So, if you read the Spag page, you’ll likely notice I’m pretty confident about how things work on the page from a technical standpoint.
Imagine spag as another continent, and now we’ve traveled on a ship (poorly named “Rules”) and arrived in occupied territory, a whole new land in which our every move could prove dangerous to us and those already here.
We may not be welcome here at all, in fact, because this territory is Voice, and its population is (and should be) reluctant to trust our interference.
We must tread lightly, now, to do the least harm. You know, unlike the invaders who came before us and left a terrible legacy.
There are lists of words floating around the interwebs about words to avoid, especially in first pages. (Soft steps, come along.) A few of these are: just, even, seems (and all its variations), suddenly, that, really, very, etc.
43, 23, and fillers to cut. The reasoning for this is sound (we did not travel on ships without tools to survive, after all); these words are easy to overuse, misuse, and rely on to do our storytelling for us.
But for every reason not to use them, there can be valid reasons to keep them in. Rather than mass deleting lists of words willy-nilly, consider their purpose on your pages, for your story and its unique voicing. These words may, in fact, be living structures that belong in this territory and should be left undisturbed.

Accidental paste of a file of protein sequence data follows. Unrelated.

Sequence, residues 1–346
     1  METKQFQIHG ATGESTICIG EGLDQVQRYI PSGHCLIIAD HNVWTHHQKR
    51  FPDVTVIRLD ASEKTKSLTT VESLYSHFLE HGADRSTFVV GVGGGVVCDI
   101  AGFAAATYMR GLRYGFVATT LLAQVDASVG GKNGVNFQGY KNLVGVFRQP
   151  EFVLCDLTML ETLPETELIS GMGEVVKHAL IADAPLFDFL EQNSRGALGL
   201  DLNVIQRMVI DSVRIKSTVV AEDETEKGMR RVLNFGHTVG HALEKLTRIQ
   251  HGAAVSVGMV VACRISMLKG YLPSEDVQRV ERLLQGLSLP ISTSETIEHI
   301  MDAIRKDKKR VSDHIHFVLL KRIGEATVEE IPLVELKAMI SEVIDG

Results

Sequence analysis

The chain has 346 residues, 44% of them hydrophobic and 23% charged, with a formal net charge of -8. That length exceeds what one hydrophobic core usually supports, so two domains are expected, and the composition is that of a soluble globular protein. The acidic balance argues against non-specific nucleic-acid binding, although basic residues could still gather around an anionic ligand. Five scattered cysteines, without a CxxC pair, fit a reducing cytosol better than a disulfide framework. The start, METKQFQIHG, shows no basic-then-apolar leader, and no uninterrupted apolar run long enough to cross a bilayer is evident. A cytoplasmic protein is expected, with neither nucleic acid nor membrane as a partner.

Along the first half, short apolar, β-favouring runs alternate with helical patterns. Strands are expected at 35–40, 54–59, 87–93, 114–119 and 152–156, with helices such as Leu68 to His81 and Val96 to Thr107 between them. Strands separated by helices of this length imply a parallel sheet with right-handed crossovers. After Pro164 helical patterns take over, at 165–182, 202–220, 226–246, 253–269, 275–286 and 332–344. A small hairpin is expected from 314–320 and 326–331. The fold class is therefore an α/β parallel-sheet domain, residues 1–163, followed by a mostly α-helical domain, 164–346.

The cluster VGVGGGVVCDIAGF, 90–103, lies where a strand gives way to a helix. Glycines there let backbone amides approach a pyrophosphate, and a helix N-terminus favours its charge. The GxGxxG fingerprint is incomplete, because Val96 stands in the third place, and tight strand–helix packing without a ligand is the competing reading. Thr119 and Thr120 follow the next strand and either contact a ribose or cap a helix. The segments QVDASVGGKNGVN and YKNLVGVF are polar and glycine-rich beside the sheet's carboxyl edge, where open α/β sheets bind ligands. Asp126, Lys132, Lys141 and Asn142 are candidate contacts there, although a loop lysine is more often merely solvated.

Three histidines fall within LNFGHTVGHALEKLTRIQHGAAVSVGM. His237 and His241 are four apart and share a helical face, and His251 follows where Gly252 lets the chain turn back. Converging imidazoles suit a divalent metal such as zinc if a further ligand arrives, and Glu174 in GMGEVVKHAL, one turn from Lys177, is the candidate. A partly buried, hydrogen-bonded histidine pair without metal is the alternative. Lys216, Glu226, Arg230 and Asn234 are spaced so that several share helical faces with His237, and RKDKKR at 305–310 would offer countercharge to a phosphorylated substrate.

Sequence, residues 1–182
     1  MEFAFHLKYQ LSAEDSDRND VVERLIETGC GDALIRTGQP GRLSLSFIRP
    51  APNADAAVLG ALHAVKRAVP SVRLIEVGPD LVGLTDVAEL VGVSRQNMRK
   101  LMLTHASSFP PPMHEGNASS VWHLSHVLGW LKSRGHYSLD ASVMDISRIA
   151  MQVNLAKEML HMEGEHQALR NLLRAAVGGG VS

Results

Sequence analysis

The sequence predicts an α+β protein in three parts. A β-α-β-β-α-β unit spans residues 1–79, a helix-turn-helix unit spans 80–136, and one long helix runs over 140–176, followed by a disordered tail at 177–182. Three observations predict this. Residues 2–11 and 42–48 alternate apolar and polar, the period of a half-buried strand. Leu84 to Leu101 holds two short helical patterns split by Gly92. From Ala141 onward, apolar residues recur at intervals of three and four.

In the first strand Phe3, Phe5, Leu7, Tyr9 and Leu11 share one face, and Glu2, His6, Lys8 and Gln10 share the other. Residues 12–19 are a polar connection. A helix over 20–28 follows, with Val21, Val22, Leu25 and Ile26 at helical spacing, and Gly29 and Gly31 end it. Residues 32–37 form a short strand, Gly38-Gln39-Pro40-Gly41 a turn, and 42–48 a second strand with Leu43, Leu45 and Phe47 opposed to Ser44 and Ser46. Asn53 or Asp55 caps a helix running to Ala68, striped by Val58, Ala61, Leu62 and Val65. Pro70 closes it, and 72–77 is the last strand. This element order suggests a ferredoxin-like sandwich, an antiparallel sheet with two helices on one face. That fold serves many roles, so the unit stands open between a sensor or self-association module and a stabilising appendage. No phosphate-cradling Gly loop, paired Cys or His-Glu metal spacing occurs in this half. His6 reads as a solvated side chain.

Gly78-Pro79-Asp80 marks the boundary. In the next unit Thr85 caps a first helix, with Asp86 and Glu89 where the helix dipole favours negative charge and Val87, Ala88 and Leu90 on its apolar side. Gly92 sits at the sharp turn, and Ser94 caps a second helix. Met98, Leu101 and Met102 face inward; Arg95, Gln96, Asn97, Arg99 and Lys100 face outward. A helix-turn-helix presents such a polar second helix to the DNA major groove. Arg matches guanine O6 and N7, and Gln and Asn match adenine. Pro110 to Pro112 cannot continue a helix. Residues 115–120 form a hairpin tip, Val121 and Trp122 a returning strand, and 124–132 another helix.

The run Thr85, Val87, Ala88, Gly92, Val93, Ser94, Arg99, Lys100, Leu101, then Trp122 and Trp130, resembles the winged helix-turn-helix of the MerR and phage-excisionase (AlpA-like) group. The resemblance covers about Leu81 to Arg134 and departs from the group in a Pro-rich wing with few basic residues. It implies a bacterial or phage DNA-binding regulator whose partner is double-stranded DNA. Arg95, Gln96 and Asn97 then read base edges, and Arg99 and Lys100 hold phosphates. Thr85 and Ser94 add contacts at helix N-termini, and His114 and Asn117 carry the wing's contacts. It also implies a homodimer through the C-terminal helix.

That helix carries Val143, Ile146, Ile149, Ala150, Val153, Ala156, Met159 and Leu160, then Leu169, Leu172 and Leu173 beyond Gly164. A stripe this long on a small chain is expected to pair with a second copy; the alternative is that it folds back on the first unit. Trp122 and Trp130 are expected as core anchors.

I don’t know; you do.
Some wonderfully-intentioned masters of craft have decided adverbs weaken prose. This is essentially trying to import a bizarre fashion trend into this new territory, where such fashion would be cumbersome, hazardous, or even ridiculous. What about prepositions, which are often also adverbs? Can you imagine a story without using up/down, in/out, above/below, before/after? Honestly?
Rather than striking out adverbs, consider your verbs (always in light of Voice). Are you choosing the strongest possible verbs while remaining true to the story voice? If so, congratulations! Then consider if what the adverb (or adverbial phrase) adds to the sentence is important; does it reveal character or tone or something else integral to your vision? If not, yeah, fine, toss it. If it does, though, be careful following the no-adverbs agenda, because it’s encroaching on something valuable, something that belongs here where we do not.
Show Don’t Tell
Oh. My. God. This is the worst advice in the history of writing advice, and it’s essentially bringing a nuclear bomb to a knife fight.
The whole point of this advice was to decrease critical thinking about our environment and societal structures, and it’s a mess and a disservice to writers everywhere to keep passing this trash around as scripture.
Look, showing is great. Do that, and do it often and well. But don’t neglect to tell the reader WHY we’re being shown things or what those things MEAN. We want to see and experience all the things in your story, but in order to fully connect–mind, body, and spirit–we need More. Don’t just describe; explain, express, evoke.
Please. And thank you.